David Noll, thanks for sharing this article. Always good to remind ourselves that there is more to presenting a fly with tenkara than the the dead drift and down and across swing.
In 2022 my goal is to work on my manipulations.
That’s a good goal. I just might have to do the same.
Thanks for sharing David. I started employing more manipulations last winter, after purchasing the download from Discover Tenkara, along with a couple of their digital books. I can safely say that my catch rate has increased dramatically. I often try “one more cast” from a different angle with a different technique and am repeatedly surprised how often it results in a fish. Sometimes I’ll skip the dead drift because I find the manipulations more challenging and engaging. Other times I’ll head to the water with a singular goal of catching a fish with a specific technique, even if I know I will be ignoring other fish.
Yes David, Thank You for sharing.
I have been using manipulation techniques as presented by Discover Tenkara since my first day with a T-Rod in 2018. That first day I was rewarded with an unusually large fish for the water I was fishing; significantly larger than any fish I’d landed in over 15 years fishing that stream with a western rod. I knew right then I was onto something special and purchased the initial DT How to Fool fish with Simple Flies book that contained a summary of the manipulation techniques they had presented (up to that time) when it was released. I am now going through the updated DT “Manipulations” Volume 1 bundle on the DT website. While I also occasionally skip a dead drift like Kris, I almost always will a fish a fly through a section of water on a dead drift first. If the water looks like it should hold fish and there was no response to a dead drift, then I’ll usually try a couple of additional casts using one or more manipulation techniques and am often rewarded with a rise or committed strike. I also seem to find that manipulation has cut down on the need-desire to change flies to find something that “works” as often as I would be tempted to without manipulation.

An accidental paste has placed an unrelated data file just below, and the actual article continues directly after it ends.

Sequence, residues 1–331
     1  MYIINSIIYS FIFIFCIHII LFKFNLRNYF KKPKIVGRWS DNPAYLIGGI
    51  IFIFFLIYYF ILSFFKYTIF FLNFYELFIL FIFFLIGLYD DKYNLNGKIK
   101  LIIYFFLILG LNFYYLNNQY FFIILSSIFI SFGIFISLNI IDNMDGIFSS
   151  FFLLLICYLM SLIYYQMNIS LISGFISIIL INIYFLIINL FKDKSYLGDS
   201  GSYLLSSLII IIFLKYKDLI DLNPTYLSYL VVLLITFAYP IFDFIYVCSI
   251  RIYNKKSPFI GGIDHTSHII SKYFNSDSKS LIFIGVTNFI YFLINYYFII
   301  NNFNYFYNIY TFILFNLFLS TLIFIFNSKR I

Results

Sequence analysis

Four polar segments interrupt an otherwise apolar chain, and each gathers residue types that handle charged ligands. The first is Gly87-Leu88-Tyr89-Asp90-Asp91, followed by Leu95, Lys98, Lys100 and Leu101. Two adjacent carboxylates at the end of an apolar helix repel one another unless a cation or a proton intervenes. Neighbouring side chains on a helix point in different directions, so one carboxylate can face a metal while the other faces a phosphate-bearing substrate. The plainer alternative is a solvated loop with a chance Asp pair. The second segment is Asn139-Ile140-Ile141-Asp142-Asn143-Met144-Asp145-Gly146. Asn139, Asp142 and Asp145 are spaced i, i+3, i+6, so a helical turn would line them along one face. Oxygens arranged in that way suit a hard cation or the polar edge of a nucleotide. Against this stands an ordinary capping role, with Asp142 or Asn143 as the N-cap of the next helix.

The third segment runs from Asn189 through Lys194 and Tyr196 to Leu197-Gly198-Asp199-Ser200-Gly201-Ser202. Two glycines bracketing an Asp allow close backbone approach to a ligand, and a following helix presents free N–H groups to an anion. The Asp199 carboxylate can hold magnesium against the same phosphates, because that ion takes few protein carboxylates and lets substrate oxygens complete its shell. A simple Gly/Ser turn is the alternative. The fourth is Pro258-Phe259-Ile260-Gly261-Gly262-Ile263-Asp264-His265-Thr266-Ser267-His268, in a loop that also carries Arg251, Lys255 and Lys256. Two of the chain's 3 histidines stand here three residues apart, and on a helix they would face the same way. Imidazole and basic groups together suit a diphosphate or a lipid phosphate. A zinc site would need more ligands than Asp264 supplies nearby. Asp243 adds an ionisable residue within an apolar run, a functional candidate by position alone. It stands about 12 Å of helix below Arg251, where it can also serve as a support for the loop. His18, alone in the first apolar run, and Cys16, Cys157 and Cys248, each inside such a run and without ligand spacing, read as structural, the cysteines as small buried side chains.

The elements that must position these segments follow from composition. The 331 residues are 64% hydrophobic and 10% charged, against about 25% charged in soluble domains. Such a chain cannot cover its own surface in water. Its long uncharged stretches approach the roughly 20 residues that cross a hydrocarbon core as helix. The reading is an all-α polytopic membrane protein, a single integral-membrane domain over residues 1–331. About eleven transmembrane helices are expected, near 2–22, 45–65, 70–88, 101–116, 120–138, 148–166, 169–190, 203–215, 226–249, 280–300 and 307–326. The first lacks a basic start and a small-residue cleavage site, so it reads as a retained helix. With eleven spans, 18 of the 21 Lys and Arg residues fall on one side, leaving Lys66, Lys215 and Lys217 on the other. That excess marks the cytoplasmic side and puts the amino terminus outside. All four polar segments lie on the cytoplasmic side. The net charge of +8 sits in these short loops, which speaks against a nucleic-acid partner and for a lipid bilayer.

This spring I was teaching a friend how to Tenkara fish and was demonstrating dead drifts. As I stood there and confidently asserted that dead drifts are best, I casually dragged the fly upstream to illustrate the “wrong” way to do things. Naturally, I got a bite. We laughed it off as a fluke and then I showed off the “wrong” way again… I got a sold hook set and landed the fish. After that I don’t think I saw them do a single dead drift for the rest of the day. Funny how teaching works.
That reminds me of a time last summer when I was taking a video of a nice brown that I caught in a little stream…the fish was in the net as I was preparing to release it and I was holding the rod (Tenryu 39) between my legs and unhooking the fish, another brown hit my fly that was dragging in the run……I’ll call it a swing.
Nice article! I learned the power of subtle manipulation by accident. At the end of a dead drift, I slowly raised my rod tip to pull my fly out of the water… not because I was trying a leisenring lift, but because I was going to do a bow and arrow on my next cast. As I kept lifting I thought I snagged a rock/log, but it starting darting around! A 20 inch wild brown in a creek where 6-8 inches is the normal catch! I’ve been lifting and applying sasoi methods ever since.